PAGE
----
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Kidney Int. 2006 Nov;70(10):1823-31. Epub 2006 Sep 27.

Kinin-dependent hypersensitivity reactions in hemodialysis: metabolic and genetic factors.

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  • 1Faculté de Pharmacie, Université de Montréal, Université de Montréal, Montréal, Québec, Canada.

Abstract

Although the association of angiotensin I-converting enzyme inhibitors (ACEis) with a negatively charged membrane is thought to be responsible for hypersensitivity reactions (HSRs) during hemodialysis, we hypothesize that these complications are due to changes in plasma aminopeptidase P (APP) activity and genotype. To test this hypothesis, we measured plasma APP activity in 14 patients who suffered HSR (HSR+) while dialyzed with an AN69 membrane and simultaneously treated with an ACEi. APP activity was also studied in a control group (n=39) dialyzed under the same conditions, but who did not suffer any side effect (HSR-). We found significantly decreased plasma APP activity (P=0.013) in HSR+ subjects as well as altered degradation of endogenous des-Arginine(9)-bradykinin, with a significantly lower beta value (P<0.001). The same analytical approach was taken in 171 relatives of HSR+ patients. Variance component analysis suggested that genetic differences may explain 61% of the phenotypic variability of plasma APP activity (P<0.001) and the kinetic parameters that characterized kinin degradation. We also showed that the C-2399A single-nucleotide polymorphism at the XPNPEP2 locus was a significant predictor of APP activity in the 39 HSR- controls (P=0.029). Furthermore, a recessive genetic model for the A allele disclosed a significant difference in mean APP activity by genotype (P<0.001). Finally, our study defined the nonspecific inhibition of recombinant APP by some ACEis. In conclusion, this paper highlights the complexity of HSR in hemodialysis, suggesting, as with angioedema, that these rare, but life-threatening adverse events are governed by several metabolic and genetic factors.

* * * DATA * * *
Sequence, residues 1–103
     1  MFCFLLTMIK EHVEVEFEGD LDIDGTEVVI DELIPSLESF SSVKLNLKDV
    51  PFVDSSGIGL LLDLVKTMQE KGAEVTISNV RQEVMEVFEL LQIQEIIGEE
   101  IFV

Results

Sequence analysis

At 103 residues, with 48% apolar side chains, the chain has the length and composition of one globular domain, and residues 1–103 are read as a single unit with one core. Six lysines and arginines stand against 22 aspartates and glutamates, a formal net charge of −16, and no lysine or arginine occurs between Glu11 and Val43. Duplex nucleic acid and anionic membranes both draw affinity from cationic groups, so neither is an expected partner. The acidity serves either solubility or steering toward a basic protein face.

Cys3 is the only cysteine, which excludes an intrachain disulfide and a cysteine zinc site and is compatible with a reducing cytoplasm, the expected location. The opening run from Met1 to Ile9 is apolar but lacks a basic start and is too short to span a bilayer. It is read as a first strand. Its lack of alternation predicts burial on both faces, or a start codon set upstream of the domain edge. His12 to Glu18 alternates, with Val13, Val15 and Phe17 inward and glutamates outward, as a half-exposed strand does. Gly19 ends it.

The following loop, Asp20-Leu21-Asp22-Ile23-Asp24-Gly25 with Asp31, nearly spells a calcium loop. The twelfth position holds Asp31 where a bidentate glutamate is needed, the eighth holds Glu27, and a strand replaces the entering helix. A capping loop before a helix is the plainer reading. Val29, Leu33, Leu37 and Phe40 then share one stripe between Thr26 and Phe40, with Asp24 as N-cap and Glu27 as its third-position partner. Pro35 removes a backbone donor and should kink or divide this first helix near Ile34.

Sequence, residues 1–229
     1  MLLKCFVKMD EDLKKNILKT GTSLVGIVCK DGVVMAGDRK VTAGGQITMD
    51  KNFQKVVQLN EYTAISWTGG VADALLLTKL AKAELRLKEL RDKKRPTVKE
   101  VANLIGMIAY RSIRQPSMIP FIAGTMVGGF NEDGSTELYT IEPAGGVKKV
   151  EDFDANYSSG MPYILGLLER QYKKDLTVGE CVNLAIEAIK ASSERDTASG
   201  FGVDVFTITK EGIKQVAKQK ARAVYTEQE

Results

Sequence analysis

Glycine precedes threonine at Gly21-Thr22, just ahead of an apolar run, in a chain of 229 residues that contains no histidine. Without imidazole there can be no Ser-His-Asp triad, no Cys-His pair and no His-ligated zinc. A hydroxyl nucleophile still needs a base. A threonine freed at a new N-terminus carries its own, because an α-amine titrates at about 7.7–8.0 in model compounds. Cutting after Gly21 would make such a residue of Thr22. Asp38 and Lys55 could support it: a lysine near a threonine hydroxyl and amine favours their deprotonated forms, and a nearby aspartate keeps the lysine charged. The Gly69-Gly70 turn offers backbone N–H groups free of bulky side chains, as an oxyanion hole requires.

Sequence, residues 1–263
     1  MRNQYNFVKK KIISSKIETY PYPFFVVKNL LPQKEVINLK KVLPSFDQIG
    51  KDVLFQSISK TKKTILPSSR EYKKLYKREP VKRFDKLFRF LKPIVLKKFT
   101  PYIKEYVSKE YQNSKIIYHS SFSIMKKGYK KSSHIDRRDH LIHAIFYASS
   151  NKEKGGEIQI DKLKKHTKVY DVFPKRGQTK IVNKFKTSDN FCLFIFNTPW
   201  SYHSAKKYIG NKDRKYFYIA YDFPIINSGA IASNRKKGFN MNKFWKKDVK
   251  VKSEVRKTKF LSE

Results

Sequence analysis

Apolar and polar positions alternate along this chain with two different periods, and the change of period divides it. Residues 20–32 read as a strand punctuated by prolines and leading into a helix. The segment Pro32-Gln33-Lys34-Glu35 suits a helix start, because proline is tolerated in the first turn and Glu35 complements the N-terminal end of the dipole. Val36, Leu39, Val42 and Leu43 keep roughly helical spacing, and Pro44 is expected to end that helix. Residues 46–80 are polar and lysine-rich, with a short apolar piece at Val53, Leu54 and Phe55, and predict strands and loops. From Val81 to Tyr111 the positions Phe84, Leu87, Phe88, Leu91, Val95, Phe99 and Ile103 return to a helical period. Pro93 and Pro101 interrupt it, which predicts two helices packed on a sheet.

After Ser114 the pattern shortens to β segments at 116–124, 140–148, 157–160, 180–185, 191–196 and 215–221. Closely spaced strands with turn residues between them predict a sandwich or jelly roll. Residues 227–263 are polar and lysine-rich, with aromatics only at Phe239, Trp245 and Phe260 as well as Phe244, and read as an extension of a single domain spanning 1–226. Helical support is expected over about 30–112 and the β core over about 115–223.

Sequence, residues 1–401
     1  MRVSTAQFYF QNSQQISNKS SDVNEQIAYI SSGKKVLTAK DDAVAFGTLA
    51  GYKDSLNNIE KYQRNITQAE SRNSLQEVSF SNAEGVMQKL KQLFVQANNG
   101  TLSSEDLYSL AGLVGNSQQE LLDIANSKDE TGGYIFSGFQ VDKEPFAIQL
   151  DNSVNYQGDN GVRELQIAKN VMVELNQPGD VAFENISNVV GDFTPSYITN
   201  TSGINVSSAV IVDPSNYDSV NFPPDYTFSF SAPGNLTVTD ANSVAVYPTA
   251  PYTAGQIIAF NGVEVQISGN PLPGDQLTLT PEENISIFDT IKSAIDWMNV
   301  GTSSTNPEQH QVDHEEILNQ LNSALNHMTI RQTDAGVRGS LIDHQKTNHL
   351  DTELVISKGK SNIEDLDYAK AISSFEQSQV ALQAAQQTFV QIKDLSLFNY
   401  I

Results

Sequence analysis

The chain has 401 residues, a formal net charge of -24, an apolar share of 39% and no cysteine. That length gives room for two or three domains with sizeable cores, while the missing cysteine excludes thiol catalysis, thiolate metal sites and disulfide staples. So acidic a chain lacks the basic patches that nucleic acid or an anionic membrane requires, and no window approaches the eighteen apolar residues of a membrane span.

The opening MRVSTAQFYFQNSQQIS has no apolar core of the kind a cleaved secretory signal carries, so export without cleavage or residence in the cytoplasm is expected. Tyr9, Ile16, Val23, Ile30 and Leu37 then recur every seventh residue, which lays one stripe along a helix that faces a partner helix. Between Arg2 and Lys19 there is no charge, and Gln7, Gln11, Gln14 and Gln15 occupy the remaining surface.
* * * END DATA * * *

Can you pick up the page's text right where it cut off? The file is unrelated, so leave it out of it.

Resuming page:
PMID:
17003818
[PubMed - indexed for MEDLINE]
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